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Τετάρτη, 28 Φεβρουαρίου, 2024

A Greek paradox

By Amalia Theocharidou,

As a Greek, most of us are familiar with the all-known stories of family members being immigrants in the USA or Canada, the infamous relatives that started from nothing and through a path of hard work managed to build new lives but without forgetting where they came from. This mostly common incident couldn’t have skipped the cinematic exposure and was showcased to us through the widely known trilogy of movies, “My Big Fat Greek wedding”. But how accurate is exactly that representation? 

The movie starts by introducing to us, Toula, the female lead who is dedicated to the family restaurant owned by her immigrant parents, called “The Dancing Zorbas”. Focused on her heritage and the fact that she’s not particularly pretty, she lives by her father’s idea that her life purpose is to find a Greek guy and make a family that will eventually return to Greece. But as time goes by, she falls in love with an American teacher named Ian, who is a bit of a contradiction to the idea of a traditional Greek guy her father wants her to marry. As the couple decides to be wedded, we follow a series of events in Ian’s conservative family and he also comes in touch with the Greek customs and people. 

As the last movie of the trilogy was out just in 2023, one can observe the critics’ backlash as they called it, “nationalism through the patriarchy sphere” and it is easy to spot why. Throughout the movie, it is stated that a woman’s place is only within the house, providing food for her husband and offspring. The patriarchic points continue to the fact that Toula’s dad determines her life so much to the point she needs to ask for his permission to work at her aunt’s travel agency even though she’s in her 30s. Continuing from the agency matter, many Greeks themselves have noticed the strong kitsch aspect attached to the character’s daily life. Business names like “Dancing Zorbas”, applying Windex to all kind of injuries, and dressing up in an extravagant but old-fashioned way not only showcase a false image of the people but also underestimates the mindset of the American Greeks.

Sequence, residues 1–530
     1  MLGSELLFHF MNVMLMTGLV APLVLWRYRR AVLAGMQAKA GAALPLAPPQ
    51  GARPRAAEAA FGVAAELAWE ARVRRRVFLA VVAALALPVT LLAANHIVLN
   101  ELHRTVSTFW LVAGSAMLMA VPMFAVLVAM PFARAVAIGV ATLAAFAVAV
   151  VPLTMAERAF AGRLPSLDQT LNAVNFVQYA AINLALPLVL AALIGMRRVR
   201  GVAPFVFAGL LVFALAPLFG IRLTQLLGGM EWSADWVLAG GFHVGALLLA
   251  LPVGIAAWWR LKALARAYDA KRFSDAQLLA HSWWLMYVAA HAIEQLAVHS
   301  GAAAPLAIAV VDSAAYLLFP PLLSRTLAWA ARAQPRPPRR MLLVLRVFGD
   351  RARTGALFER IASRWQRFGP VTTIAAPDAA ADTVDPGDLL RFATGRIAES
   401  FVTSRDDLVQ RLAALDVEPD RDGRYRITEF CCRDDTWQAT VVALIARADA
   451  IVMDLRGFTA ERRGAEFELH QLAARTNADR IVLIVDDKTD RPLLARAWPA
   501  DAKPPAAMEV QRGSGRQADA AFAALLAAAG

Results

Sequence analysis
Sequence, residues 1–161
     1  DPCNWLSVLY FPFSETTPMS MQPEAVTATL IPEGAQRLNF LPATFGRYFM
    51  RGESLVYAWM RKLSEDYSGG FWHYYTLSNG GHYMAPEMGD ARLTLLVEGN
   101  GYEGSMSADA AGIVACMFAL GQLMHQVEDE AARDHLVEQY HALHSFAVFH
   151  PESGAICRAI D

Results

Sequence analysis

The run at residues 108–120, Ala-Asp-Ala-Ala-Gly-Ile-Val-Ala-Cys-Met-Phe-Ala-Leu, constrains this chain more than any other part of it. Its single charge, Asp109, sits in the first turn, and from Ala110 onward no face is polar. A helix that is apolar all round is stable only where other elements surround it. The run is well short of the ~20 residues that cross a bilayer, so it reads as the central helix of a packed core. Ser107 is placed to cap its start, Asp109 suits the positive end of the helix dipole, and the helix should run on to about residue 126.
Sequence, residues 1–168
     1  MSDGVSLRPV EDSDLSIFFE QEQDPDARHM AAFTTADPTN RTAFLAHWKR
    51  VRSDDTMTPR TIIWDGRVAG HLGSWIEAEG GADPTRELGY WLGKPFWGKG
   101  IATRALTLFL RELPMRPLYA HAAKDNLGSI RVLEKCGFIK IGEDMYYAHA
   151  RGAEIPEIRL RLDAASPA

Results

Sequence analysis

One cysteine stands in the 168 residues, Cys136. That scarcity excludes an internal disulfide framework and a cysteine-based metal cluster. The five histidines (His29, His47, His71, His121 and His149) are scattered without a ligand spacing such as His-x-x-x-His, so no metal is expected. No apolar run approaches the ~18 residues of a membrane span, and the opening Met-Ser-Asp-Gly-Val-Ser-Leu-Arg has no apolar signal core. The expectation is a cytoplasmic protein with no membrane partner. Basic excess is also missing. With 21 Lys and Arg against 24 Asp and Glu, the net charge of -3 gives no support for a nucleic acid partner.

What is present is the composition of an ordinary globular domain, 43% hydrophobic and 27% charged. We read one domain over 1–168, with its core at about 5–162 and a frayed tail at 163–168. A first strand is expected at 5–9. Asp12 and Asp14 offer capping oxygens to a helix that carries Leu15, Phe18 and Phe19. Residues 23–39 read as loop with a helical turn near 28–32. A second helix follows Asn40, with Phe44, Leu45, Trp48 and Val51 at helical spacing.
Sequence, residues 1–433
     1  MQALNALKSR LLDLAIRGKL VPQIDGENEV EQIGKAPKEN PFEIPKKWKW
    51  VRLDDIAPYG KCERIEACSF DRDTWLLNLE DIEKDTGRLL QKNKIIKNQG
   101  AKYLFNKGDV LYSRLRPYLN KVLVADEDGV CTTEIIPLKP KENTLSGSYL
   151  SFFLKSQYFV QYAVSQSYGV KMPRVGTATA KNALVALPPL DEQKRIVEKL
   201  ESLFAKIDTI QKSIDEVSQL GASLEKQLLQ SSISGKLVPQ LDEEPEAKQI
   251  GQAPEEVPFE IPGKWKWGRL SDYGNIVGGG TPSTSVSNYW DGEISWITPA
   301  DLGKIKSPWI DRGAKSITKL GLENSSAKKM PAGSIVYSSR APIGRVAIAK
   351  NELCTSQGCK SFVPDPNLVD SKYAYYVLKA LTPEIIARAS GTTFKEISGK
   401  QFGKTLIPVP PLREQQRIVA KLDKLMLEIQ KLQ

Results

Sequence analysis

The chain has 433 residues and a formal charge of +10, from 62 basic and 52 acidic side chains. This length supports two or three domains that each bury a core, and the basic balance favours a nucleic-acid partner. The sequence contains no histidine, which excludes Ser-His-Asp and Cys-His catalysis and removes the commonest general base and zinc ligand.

Image source: screenrant.com

Toula’s family is loud and for her, this is due to their Greek genes because what kind of Greek isn’t loud? Living in a community of loud and talkative people, it is easy to guess the outcome of Toula’s father’s decision to break the couple apart by setting up dates for Toula but with “traditional” Greek men only. Throughout these dinner scenes, we see mid-looking men, eating poorly, being rude and even disgusting, with no table manners, and even having a huge age gap. What one might find comic, hides a whole perspective and mindset of an entire country. Giving out the impression that a Greek father only cares about continuing the bloodline at whatever cost, it is only normal that it earns negative reactions. Continuing the train of “comedy”, one experiences the Greek customs and “behavior” through the eyes of Ian’s conservative family when they meet Toula’s family. Loud, talkative, and with no boundaries are some adjectives that can be used to characterize them as we see Toula’s aunt oversharing way too sensitive medical issues with the excuse that they’re now family and also getting them drunk with way too many drinks. At what cost the Greek culture should be so extravagant and just for laughs? (Kenny, 2022).

As the newest movie continues to thrive in the cinema, the opinions vary. What is the proper way to export culture and how much of a Greek one needs to be to be portrayed? But as this type of movie continues to be on display, we shouldn’t be surprised by all the stereotypical anecdotes of Greeks trending abroad. The movie’s reply is simple: if someone’s feelings are hurt, apply Windex. 


  • Kenny, G. (2022). The Problematics: Is ‘My Big Fat Greek Wedding’ A Stereotype Parade Or Simply A Paragon Of Ethnic Humor? Available here



Amalia Theocharidou, Editor-in-Chief
Amalia Theocharidou, Editor-in-Chief
Born in 2003, she is an undergraduate student in the department of International and European relations in the university of Piraeus. She likes to travel and get to know new cultures and environments. She loved writing since she was young which is what inspired her to start publishing articles.